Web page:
Questions for Dr. Shawn - Holistic Care
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"Dear Dr. Shawn:
"I’m interested in using a holistic veterinarian to care for my cat and dog. However, how can I tell a “good” doctor from a “quack?” I’m very open to natural therapies that are considered mainstream, but I don’t want someone making weird recommendations."
”That’s a good question. While most doctors who practice integrative medicine are very mainstream and not at all what I would consider quackish, you do need to be careful. There are many people out there, a number of them who are not doctors and have no formal training, that offer a variety of services. I’m reminded of one such person that one of my clients contacted about her cats. She sent this “expert” blood I had drawn from the cats for diagnosis of their problem. This “expert” uses some sort of “energy machine” to supposedly diagnose a variety of problems in pets that veterinarians “overlook.” Well, it turned out that her machine diagnosed a parasite in one of the cats; the problem is that the parasite identified by the machine doesn’t even occur in cats! Of course, the client didn’t know this and spent a lot of money on these tests plus the exclusive supplements sold by the “expert” that would supposedly cure the cats of the parasites.
At any rate, I would stick with only veterinarians and ancillary health care personnel that might be referred by your veterinarian. Choosing a veterinarian who is a member of the American Holistic Veterinary Medical Association is also a good bet as a starting point in your search for a doctor. Perhaps your current conventional doctor can recommend a colleague who practices integrative medicine. Many of my clients come from referrals from area veterinarians who appreciate the extra therapies we can offer their clients. Since your doctor’s reputation is on the line, I doubt you’ll be referred to a quack. Once you find a few doctors who fit the bill, visit them, discuss medical philosophies, and then choose whomever you are most comfortable with and whom you would like to care for your pet.”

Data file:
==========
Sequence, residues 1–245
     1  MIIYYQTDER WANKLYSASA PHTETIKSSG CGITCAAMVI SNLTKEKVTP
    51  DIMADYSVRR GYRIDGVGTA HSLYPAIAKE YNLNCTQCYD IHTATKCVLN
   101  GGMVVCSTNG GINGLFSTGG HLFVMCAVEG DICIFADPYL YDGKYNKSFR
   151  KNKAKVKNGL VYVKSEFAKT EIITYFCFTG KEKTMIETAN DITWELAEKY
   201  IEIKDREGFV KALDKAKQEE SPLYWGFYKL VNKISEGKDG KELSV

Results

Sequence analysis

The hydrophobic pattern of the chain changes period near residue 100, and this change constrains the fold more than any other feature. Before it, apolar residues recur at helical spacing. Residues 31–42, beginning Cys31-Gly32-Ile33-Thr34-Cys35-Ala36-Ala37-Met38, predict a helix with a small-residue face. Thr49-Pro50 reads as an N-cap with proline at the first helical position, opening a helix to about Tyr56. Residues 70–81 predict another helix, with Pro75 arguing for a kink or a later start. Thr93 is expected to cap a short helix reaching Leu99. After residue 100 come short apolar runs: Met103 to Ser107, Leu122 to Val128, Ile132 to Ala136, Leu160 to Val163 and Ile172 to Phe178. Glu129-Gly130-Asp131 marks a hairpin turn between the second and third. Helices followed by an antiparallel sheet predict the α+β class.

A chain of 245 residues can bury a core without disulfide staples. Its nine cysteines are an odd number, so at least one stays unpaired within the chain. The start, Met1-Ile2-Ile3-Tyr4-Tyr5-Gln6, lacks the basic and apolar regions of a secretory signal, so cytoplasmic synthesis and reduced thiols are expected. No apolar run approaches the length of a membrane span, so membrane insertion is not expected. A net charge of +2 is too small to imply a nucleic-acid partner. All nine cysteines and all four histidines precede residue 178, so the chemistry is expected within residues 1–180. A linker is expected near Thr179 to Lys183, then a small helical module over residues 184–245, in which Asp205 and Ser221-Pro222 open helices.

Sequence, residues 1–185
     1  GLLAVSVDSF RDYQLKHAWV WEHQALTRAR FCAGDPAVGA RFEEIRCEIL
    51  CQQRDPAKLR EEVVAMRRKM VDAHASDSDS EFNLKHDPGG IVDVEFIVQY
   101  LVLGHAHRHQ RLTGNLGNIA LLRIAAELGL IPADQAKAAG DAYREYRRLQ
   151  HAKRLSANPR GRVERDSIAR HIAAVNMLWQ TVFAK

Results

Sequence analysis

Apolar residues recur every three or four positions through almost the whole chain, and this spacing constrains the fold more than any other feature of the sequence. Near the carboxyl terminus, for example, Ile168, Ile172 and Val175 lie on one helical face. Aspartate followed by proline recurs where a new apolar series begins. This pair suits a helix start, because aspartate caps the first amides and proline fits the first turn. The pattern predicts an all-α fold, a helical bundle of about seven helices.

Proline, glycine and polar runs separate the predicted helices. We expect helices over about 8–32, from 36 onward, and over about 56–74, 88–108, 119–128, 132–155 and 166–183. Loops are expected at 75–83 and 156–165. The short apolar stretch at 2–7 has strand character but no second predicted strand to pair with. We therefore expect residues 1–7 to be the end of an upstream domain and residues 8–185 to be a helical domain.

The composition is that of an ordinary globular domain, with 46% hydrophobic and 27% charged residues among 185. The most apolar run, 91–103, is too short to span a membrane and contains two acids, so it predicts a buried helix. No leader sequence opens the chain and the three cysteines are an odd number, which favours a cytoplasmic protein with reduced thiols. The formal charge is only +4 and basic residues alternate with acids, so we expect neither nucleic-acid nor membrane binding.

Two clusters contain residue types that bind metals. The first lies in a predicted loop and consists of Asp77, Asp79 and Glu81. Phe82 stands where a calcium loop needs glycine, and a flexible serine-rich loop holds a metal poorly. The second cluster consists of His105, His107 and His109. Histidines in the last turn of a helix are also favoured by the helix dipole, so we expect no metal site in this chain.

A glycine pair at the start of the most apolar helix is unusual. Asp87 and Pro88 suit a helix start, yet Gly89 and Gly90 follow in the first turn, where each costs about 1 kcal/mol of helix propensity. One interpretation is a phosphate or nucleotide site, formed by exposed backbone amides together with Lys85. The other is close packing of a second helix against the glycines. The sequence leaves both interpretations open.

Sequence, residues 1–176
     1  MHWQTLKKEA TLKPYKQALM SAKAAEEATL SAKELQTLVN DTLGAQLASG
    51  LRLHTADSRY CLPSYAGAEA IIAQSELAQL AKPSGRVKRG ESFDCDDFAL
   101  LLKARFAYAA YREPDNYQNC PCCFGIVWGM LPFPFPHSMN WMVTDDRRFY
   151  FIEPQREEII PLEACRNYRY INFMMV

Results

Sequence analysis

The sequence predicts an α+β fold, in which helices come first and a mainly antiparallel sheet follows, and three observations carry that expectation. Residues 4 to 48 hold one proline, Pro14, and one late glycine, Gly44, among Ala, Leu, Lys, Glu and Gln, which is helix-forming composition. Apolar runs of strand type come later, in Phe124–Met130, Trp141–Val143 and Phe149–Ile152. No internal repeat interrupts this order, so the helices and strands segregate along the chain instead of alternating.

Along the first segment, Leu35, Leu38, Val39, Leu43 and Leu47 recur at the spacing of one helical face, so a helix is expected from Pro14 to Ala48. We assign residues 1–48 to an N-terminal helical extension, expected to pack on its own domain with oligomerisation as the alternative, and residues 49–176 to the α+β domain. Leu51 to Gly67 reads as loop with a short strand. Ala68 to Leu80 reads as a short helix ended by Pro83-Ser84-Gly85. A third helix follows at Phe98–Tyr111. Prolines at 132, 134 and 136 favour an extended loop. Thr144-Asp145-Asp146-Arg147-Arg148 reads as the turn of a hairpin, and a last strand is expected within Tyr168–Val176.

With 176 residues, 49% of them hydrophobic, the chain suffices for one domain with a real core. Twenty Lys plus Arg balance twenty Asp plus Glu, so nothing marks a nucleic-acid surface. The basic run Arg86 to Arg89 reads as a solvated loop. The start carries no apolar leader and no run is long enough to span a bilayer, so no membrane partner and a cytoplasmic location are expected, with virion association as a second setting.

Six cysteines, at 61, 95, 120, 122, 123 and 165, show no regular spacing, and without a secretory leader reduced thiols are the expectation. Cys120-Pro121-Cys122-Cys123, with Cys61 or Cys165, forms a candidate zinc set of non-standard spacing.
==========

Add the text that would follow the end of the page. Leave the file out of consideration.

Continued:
"August 30 is not only my birthday, but it’s also National Holistic Pet Day. This day will celebrate the growing interest in natural/holistic medicine, and celebrate those animals who are treated with holistic pet care.
Here are some tips to help you develop a holistic approach to caring for your pets:
- Feed a natural diet. Read the label on your pet’s food. Avoid by-products and chemicals like BHT, BHA, and ethoxyquin whenever possible.
- Decrease your use of vaccines. Current conventional research has shown that most pets do
not need annual “shots.” Insist on vaccine antibody titers to determine if and when your pet may need a booster.
- Prevent diseases when possible, and treat them early when discovered. Don’t wait for your
pet to become ill. Regular (every 6-12 months) physical examinations and blood and urine testing will allow you to do this.
- Say NO to drugs whenever possible. Supplements are usually safer and much less expensive and often work as well as if not even better than conventional medications for most diseases.
- Focus on healing your pet, rather than simply treating disease. A healthy pet is less likely to become ill.
- It’s also a great time to focus on your own health. The healthier you are, the more you can enjoy your naturally healthy pet. Avoid foods that contain high fructose corn syrup and
partially hydrogenated vegetable oils (these horrible chemical also appear in some pet foods and treats.)
"Dear Dr. Shawn:
"What are your goals as a holistic veterinarian when treating your patients?"
"Each doctor has specific goals for his or her practice. When I simply practiced conventional medicine, my goal was to treat disease and bring comfort to my patients. Now, as an integrative, holistic doctor, my goals have changed.
Here are 5 goals that I have for my patients.
- Prevent disease-By focusing on preventing problems, my patients stay healthier, so fewer require treatment.
- Say NO to drugs-Whenever possible, I prefer to use herbs, nutritional supplements, homeopathics, diet, acupuncture, chiropractic, and other therapies as these are usually
safer than conventional medications yet work as well if not better.
- Heal the pet rather than treat disease-Treating disease is fine, but by healing the pet we
don’t have to focus on illness as much. Healthy pets get sick less.
- Hope for the hopeless-While conventional medicine can be helpful in some instances, there
are times when conventional medicine doesn’t work. In these “hopeless” cases, holistic therapies can be life-saving.
- Save money on pet care-The integrative approach is usually less expensive than a
conventional approach. Taking this integrative approach may not only extend the life of the
pet but also save the owner money on pet care.